Former first lady Michelle Obama says racial inequality amid the challenges of the coronavirus pandemic has left her feeling that she has "some form of low-grade depression."
"Not just because of the quarantine, but because of the racial strife, and just seeing this administration, watching the hypocrisy of it, day in and day out, is dispiriting," she said in the latest episode of her podcast released Wednesday.
Obama added that the mounting stories of Black people being wrongfully arrested, killed or "dehumanized" have been weighing on her. And while George Floyd's death in police custody sparked an outpouring of outrage, the issue of racism in America long preceded the incident.
"I’d be remiss to say part of this depression is also a result of what we're seeing in terms of the protests, the continued racial unrest that has plagued this country since its birth," she said.
The high rates of Black men in prisons, economic disparity and lack of access to quality health care were among the examples Obama pointed to.
Obama also discussed the attitudes some Americans had about the country inaugurating its first Black president when her husband, Barack Obama, was elected in 2008.
"The reaction to it on all sides, the vast discomfort with the notion that a Black man could be sitting in the highest level of office, we saw that. We saw the signs, we saw the nooses, " she said.
Both Obamas have been subject to right wing attacks and abuse online.
Reflecting on the pandemic, Obama also said she found people who refuse to wear masks “frustrating."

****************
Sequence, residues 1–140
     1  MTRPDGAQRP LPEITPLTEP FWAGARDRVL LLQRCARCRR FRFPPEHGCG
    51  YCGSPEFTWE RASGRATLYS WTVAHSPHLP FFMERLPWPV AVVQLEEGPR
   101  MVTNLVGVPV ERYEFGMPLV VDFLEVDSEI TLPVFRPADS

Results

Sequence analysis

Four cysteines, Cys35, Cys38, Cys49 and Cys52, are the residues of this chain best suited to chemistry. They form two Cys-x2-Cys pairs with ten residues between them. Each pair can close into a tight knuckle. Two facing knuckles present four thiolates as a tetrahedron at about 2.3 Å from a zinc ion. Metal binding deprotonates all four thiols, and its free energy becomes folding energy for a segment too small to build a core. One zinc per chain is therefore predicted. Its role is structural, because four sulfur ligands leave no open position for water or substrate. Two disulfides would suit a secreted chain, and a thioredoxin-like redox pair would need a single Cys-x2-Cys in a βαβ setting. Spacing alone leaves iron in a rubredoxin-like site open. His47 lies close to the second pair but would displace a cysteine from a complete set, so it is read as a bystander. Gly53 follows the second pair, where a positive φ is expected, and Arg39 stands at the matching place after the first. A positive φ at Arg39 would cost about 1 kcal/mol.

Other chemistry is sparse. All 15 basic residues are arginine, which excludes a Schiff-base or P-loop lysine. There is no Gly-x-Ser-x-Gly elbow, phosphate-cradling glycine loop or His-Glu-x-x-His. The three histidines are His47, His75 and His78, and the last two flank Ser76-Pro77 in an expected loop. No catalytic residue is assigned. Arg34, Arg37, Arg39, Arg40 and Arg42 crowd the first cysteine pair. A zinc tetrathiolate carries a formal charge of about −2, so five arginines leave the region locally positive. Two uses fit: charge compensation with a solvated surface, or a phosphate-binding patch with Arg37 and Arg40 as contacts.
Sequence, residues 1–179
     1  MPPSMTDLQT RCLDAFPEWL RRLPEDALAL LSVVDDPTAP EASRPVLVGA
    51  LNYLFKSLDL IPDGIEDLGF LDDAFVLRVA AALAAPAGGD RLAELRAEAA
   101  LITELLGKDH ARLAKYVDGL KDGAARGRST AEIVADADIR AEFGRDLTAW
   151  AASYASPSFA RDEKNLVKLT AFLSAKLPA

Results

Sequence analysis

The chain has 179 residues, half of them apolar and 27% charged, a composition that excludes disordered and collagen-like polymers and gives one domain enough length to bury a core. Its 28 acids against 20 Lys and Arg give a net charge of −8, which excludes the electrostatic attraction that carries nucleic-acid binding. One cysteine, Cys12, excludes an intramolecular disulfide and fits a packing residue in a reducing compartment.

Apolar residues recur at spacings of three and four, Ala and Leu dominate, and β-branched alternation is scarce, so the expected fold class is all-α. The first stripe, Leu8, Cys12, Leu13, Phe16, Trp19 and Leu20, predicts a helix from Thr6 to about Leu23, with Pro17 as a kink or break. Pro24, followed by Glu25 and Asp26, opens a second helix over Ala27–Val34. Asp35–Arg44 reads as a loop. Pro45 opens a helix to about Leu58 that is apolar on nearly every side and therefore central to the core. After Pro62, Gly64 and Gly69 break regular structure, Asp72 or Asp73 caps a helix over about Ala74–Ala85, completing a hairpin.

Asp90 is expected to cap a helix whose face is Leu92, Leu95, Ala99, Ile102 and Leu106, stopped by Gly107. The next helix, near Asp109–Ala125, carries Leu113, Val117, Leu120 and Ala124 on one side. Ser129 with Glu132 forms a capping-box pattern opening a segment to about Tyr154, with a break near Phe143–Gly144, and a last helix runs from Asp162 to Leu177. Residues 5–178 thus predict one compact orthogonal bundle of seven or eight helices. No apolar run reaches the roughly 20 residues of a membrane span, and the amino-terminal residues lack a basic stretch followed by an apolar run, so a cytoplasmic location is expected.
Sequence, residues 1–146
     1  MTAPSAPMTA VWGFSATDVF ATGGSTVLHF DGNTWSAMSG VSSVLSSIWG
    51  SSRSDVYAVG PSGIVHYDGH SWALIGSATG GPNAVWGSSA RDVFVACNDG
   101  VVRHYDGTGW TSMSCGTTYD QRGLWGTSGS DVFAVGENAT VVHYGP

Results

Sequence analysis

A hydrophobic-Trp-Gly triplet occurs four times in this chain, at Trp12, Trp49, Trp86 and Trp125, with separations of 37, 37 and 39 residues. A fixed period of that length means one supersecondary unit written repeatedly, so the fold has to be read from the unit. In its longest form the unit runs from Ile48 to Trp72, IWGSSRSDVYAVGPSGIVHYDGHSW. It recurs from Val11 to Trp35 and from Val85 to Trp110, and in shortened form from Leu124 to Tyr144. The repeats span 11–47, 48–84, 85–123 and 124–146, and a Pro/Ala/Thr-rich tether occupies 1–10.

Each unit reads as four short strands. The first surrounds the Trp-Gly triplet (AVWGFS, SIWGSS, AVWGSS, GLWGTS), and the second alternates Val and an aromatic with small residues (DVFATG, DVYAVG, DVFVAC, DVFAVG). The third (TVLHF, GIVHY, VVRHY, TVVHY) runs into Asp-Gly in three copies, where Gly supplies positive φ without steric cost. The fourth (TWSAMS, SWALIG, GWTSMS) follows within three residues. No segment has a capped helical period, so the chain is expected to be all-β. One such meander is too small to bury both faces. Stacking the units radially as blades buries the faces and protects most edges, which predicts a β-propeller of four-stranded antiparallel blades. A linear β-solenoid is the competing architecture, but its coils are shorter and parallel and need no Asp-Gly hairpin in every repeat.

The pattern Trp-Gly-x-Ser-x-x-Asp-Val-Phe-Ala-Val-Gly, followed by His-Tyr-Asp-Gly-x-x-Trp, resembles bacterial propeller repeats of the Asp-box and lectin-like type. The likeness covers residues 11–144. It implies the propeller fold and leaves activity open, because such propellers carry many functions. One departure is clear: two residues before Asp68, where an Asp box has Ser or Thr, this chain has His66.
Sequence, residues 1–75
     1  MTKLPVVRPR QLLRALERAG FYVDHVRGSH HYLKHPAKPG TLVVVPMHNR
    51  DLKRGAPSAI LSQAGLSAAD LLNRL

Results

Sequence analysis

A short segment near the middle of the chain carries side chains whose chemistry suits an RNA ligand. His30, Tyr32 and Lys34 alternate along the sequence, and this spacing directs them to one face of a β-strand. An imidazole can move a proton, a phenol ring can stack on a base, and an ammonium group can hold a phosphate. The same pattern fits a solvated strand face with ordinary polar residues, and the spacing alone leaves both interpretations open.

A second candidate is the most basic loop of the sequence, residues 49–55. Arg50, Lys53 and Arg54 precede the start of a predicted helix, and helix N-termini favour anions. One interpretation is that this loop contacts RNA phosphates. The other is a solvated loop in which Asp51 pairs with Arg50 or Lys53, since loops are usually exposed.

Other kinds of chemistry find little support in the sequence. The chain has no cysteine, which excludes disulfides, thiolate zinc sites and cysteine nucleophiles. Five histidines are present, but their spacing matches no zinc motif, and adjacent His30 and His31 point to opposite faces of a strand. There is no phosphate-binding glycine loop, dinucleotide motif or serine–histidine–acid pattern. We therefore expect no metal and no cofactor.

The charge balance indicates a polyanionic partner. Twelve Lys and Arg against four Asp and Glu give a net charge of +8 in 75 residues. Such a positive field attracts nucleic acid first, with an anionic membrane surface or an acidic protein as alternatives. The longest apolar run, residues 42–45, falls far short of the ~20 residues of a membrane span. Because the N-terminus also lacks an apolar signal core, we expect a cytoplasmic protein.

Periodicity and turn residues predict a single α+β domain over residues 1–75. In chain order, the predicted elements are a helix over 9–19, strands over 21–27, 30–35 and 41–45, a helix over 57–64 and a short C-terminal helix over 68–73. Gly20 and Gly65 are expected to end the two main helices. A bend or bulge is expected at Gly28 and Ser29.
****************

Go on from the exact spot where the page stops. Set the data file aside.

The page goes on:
"There’s almost like there’s a limit to our sacrifice and it was about a month and then we just got tired of the virus," she said. "That’s been disheartening to see so many people who have grown tired of staying at home because the virus didn’t impact them."
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The country needs to think more about essential workers, many of whom are financially unstable, lack health insurance and face greater risks of falling ill, she said.
In the episode, Obama speaks with Washington Post opinion columnist and friend Michele Norris about the rise in protests over racial injustice since the Floyd death.
Amid all the challenges facing the country, Obama said she's managing the "emotional highs and lows" by trying to maintain a routine, trying to not be hard on herself, getting outdoors and spending time with her family.
Obama's eponymous podcast launched last month with an interview with her husband.